Session 014-04, Eichmann Adolf

Q. How many of them were still alive in 1938, how many of
the sons?

A. In 1938 I had two sons and one daughter. One son is here,
in this country, and the other one perished, the Germans
took his life.

Q. Who was the first-born alive in 1938?

A. I had no first-born, he died at birth.

Q. Who was the eldest?

A. The eldest was a daughter.

Presiding Judge: Who was the elder one of the sons still
alive in 1938?

A. There was Mordecai Eliezer…

Q. When was he born, Mordecai Eliezer?

A. 1919. In Hanover.

Q. And the other one?

A. And the other one was born on 21 March 1921.

Q. Also in Hanover?

A. Also in Hanover. All the children were born in Hanover.

Q. What was his name?

A. Hirsch Feivel Grynszpan. In German he was called

Q. Mr. Grynszpan, what was your nationality during all
those years you lived in Germany?

A. When I came to Germany in 1911, I came as a Russian
subject. When Poland became a state of its own, I opted for

Q. In the year 1938, where was your son Hirsch?

A. In Paris.

Q. When did he come to Paris?

A. He came to Paris in ’36, in May.

Q. Now, tell the Court what happened on 27 October 1938.

A. On 27 October 1938 – we didn`t know anything, it was
Thursday night, at eight o’clock a policeman came in – “you
will come to the 11th precinct – with the passports – you
are going to come back straightaway, no need to take
anything with you.

Presiding Judge: If you find it difficult to stand or when
you are tired, you may sit down.

Witness Grynszpan: No, in deference to this Court I can

State Attorney Bar-Or: Mr. Grynszpan, which members of your
family did he order to come to the Revier (precinct)?

Witness Grynszpan: I was the only one, with my family.

Q. With your whole family?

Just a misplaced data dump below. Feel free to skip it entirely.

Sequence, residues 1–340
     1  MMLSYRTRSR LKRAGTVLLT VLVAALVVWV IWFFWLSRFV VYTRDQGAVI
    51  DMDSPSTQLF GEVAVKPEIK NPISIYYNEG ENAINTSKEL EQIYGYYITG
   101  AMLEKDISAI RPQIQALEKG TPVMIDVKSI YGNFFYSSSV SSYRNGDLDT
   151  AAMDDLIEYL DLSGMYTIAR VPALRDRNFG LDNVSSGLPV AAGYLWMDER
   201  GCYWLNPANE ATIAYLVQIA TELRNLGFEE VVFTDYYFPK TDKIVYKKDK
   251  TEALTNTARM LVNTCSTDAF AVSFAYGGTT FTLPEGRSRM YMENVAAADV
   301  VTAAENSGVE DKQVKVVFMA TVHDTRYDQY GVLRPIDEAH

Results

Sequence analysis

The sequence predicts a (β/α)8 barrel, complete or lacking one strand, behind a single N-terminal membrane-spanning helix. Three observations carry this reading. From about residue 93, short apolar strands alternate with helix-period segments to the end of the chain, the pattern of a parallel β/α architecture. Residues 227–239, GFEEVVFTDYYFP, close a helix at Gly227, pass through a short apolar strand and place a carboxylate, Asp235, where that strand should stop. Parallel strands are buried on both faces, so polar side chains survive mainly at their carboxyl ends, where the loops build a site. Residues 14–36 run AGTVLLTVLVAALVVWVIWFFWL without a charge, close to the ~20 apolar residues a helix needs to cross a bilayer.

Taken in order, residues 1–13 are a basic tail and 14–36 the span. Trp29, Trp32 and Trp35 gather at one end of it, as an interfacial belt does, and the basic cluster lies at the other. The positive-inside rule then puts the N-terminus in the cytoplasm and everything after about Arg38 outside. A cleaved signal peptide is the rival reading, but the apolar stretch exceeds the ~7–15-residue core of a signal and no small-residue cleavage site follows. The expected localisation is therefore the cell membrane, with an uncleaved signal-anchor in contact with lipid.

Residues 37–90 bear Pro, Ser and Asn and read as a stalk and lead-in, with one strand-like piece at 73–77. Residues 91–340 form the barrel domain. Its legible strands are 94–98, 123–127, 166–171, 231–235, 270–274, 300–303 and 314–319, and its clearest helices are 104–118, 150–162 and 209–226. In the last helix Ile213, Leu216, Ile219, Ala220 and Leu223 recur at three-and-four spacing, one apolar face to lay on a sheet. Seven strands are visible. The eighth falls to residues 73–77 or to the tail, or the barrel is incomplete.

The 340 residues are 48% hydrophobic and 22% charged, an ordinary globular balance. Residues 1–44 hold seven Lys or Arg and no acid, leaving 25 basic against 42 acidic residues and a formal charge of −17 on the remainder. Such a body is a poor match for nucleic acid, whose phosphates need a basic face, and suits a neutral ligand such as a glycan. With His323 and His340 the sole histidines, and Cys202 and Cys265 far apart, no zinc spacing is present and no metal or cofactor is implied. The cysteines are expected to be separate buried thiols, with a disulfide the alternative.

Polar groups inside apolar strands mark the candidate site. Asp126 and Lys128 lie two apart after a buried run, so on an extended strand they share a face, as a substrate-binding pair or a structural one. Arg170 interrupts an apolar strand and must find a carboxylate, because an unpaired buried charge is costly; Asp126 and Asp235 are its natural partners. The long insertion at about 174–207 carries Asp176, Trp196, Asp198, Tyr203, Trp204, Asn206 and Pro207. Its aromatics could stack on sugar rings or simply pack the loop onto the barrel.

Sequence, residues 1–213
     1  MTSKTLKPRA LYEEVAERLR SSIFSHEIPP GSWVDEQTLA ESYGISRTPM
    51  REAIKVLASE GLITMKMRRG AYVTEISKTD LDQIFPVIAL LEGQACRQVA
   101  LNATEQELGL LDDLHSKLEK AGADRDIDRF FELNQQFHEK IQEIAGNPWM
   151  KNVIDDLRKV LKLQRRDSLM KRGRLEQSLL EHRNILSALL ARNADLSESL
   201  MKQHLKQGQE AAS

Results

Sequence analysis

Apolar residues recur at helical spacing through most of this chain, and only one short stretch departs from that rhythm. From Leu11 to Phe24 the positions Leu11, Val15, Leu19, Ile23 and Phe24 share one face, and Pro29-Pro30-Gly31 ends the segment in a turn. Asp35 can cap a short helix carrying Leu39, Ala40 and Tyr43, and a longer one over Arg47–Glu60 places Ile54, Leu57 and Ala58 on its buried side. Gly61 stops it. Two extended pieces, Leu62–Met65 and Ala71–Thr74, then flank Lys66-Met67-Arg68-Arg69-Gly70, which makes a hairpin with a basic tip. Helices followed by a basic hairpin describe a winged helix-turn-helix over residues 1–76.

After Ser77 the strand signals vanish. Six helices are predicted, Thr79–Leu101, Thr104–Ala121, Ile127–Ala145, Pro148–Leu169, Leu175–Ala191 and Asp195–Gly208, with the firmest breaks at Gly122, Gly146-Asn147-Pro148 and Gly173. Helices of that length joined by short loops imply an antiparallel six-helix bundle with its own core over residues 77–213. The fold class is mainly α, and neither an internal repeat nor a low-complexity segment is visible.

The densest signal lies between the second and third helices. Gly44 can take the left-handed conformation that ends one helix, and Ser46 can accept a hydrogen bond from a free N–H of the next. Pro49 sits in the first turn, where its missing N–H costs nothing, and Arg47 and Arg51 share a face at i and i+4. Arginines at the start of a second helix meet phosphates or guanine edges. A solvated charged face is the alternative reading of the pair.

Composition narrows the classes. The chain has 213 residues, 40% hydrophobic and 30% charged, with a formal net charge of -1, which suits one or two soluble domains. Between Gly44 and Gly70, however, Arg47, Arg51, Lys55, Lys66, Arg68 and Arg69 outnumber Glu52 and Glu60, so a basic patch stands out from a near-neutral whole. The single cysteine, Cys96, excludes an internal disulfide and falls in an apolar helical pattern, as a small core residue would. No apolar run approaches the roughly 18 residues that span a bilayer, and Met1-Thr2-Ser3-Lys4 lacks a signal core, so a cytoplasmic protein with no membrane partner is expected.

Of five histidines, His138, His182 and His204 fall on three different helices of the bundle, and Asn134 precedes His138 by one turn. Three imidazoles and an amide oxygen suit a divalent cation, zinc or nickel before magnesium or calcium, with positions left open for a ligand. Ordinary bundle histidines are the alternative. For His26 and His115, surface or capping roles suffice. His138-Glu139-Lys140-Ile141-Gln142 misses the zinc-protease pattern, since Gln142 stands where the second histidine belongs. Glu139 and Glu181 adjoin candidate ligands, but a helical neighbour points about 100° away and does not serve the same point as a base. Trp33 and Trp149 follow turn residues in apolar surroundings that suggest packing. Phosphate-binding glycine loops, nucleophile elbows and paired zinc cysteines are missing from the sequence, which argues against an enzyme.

A. My whole family. My son (who is sitting upstairs), my
daughter, my wife and myself.

Q. And then what happened?

A. Then we were taken to the Revier. We got to the Revier.
There I saw already about a hundred people. Some tore their
hair out, some beat themselves, some wept, old people, small
children, and someone shouting: “Sign! The deportation
order! You are being deported!”

Presiding Judge: Who asked for the deportation orders to be

Witness Grynszpan: The police inspector.

State Attorney Bar-Or: What did you do?

Witness Grynszpan: I had to sign, just as everybody had to
sign. There was one person who did not sign, his name was
Gershom Silber – so he had to stand in the corner for twenty
four hours and was not allowed to move from that spot, if he
tried to, he got hit over the head. Then they took us to the
Concert House, on the bank of the River Leine. There were
people there who had been brought in from all the precincts,
we were about 600 people.

Q. How long did you remain there?

A. We stayed there until Friday night. Some 24 hours.

Q. And then?

A. And then they loaded us on to the police vans, some
twenty people in each van, and we were despatched to the
railway station; the streets were black with people – “Out
with the Jews! To go Palestine!” We were taken by train to
Neubenschen, on the German-Polish border, that was six
o’clock in the morning, on the Sabbath.

Q. Who was with you in the train?

A. I was together with everybody. Six hundred people.

Q. With your wife?

A. And the children. Everybody.

Q. How did they deal with you, in the train?

A. When we came to Neubenschen, it was six o’clock in the
morning, and trains arrived from Leipzig, Berlin, Hamburg,
Koeln, Duesseldorf and so on – Bielefeld, Essen, Bremen –
and we were 12,000 all together.

Q. When you got there, what day was it?

A. Saturday, 29 October.

Q. Mr. Grynszpan, did you inform anybody about this

A. Yes, when we reached the border, each of us was searched,